There were a lot of disappointing exhibits on offer at Giardini- especially from Great Britain (too art school), Spain and Holland (too much video and not engaging at that) which are usually my favourites- leaving me with the idea that this year it's Arsenale that is really worth the extra time and effort.
But a visit to Giardini will still blow you away if you spend more of your time at the following national pavilions (in no particular order):
3. South Korea
10. Czech Republic
More detailed comments about these pavilions and the artists after the jump.
I've been told it's snowing in Hawaii.
Equally improbable is the fact that I woke up this morning and found that I correctly predicted the results of Italy's constitutional referendum.
That's like the first time this year I've gone to bed knowing what the political result was going to be the next day.
You're going to be reading a lot of coverage about the referendum over the coming days. Primarily because Italy's prime minister Matteo Renzi had staked his job on the result. Poor little lamb just resigned.
Let me just make a couple of points for you to keep in mind as you read the analysis.
When the referendum was announced, the goal was to simplify the parliamentary process. I think it's safe to say that Italy isn't famous for progressive, transparent government.
Law makers have a tough time of it here and laws constantly get sent back from the senate to the parliament for rewording and rewriting, making the process infiinitely longer. Because this country is red tape central, Renzi figured the parliament needed more power at the Senate's expense. This would effectively speed up the law making process [but give the PM more say and more power to push through his agenda].
Renzi started his term with a huge, popular mandate.
The constitutional reform he floated was approved by parliament, so he was, as always, bullishly confident that the public would approve of it too via the referendum. So confident, that he declared he'd quit if the referendum didn't pass.
Problem was that the political climate had changed substantially by the time the vote was taken to the public. In some corners, Renzi was increasingly being seen as a mini Berlusconi: all confidence and huff when Italy was yet to show much in the way of improvement under his governing.
The opposition [many parts of whom originally voted in favour of the reforms] changed their tune and began to vocally signal their opposition to reform when they sensed the public's mood. They correctly saw the referendum as being an opportunity to oust Renzi - thanks to his promise to quit.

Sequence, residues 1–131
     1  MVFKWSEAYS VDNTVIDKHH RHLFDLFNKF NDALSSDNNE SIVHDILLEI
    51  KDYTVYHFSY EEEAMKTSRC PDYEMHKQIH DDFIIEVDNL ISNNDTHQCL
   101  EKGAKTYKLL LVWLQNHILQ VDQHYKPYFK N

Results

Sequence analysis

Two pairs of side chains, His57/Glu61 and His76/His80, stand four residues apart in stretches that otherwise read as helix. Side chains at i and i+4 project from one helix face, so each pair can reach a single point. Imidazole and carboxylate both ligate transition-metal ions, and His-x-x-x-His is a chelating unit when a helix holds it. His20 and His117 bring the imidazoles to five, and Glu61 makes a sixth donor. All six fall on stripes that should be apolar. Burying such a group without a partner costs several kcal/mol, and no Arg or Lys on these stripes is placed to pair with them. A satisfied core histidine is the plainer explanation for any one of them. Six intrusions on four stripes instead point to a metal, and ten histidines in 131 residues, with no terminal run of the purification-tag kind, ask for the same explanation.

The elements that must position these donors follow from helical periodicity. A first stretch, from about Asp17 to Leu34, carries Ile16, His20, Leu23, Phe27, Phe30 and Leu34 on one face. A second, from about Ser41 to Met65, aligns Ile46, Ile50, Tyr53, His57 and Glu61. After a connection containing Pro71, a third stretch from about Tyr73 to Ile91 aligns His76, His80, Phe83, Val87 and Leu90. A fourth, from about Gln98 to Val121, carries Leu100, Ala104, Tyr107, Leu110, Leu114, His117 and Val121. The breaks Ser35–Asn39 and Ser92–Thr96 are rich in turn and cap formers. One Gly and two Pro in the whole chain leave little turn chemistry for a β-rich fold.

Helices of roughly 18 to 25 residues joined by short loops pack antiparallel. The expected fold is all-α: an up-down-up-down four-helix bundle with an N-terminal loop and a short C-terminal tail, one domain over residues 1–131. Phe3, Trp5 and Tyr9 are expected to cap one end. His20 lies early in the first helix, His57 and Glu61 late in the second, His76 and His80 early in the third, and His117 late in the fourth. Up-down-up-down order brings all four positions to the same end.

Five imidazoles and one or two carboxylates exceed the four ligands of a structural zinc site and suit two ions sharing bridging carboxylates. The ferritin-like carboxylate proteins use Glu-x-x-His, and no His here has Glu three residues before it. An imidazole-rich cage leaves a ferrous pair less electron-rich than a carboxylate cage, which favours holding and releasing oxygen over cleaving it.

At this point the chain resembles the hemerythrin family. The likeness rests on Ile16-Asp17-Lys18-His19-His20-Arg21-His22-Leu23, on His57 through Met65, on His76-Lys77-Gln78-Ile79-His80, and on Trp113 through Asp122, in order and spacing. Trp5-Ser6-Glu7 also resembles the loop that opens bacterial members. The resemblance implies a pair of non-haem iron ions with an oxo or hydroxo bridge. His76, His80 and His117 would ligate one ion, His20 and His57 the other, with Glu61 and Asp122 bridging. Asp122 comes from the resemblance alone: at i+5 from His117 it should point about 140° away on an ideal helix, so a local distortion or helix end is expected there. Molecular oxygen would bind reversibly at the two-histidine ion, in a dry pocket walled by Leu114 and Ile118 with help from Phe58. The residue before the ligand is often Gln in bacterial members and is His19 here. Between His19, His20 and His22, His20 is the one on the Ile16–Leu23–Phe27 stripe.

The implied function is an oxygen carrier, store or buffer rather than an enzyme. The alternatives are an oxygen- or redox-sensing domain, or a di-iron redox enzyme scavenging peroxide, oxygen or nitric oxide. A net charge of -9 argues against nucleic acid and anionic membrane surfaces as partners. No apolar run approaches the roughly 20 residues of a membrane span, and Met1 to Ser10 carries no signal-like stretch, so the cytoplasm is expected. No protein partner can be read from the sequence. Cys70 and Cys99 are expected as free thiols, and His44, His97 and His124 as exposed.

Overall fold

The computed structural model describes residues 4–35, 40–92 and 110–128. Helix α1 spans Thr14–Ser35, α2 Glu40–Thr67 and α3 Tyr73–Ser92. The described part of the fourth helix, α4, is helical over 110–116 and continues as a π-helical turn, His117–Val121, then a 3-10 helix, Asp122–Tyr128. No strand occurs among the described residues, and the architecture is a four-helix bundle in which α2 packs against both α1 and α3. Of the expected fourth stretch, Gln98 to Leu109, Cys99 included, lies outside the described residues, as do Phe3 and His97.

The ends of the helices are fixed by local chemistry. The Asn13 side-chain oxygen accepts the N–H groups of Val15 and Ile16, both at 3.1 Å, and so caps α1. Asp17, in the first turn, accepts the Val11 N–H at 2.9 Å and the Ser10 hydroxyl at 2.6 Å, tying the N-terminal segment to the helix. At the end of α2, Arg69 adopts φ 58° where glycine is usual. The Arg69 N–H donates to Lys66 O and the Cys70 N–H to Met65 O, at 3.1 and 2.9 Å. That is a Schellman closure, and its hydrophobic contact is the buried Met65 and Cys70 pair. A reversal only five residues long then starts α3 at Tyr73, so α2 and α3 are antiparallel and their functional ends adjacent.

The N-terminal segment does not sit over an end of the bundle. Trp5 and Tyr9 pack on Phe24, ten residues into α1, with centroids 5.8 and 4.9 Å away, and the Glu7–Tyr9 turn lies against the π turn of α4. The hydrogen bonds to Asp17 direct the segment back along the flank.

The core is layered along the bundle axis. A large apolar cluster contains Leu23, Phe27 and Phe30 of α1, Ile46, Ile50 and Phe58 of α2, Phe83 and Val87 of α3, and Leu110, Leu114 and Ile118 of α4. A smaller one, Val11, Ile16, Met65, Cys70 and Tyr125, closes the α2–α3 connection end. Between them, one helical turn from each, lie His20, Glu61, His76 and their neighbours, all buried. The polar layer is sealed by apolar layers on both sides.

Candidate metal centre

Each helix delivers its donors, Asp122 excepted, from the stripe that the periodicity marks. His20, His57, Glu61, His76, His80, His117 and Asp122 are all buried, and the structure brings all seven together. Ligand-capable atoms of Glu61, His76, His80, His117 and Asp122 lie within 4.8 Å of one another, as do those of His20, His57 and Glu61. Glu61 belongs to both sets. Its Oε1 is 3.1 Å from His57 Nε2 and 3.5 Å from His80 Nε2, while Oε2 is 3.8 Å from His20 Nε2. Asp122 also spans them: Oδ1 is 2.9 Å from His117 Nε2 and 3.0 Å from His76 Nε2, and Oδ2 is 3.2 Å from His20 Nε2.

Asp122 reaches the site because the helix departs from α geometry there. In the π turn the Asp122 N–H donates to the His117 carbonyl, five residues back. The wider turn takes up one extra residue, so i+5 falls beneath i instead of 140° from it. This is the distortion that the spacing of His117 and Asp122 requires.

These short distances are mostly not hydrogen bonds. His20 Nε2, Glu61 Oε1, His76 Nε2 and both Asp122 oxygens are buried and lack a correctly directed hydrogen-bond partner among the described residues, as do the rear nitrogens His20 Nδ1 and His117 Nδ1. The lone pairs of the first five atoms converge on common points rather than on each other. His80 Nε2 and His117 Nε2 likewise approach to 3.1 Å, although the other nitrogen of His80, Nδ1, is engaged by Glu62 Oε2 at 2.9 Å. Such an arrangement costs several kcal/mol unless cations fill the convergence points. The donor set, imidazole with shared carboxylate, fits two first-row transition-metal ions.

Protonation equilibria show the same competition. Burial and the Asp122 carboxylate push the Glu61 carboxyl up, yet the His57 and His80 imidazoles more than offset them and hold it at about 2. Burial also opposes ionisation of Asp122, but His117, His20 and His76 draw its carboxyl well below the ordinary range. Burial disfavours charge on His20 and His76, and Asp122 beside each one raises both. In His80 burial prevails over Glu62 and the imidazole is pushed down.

Aside from Renzi's pointless act of personalizing the referendum which ultimately doomed the campaign, the other issue was that Italians didn't have a clear idea what they were voting for or against. The suggested reforms were not clear- they were incredibly complex questions for many people and even friends of mine who voted walked away feeling unsure what their vote meant.
But the takeaway was that many felt that in voting for reform, they would be stripping themselves of their power to vote in the electoral process. By stripping the senate of its power, they would effectively be removing part of their voice and giving it to Renzi or whichever party was in government.
And don't be fooled. The EU had nothing to do with these elections. It was not considered a vote for or against the European Union, despite what some in the press are saying. This was a vote for or against Renzi, and a vote for or against changes to the parliamentary process, which has revealed how little most Italians know about the political process.
You know when a news story just leaves you feeling, well, awkward?
A new candidate for Awkward! shuffled forward this week out of a court room in Sicily. From the minute you hear Sicily and 'courtroom' you know you gotta perk those ears up because you just know it's going to be juicy.
Well, I think it's more juicy as in moist. See? Got you feeling just the right kind of awkward now. Let's proceed.
Story goes a little something like this. A 69(!) year old man in the greater Catania area apparently just felt the need to throw a bit of caution to the wind and to, erm, give himself a little bit of pleasure in front of a group of teenage girls who are students at the university.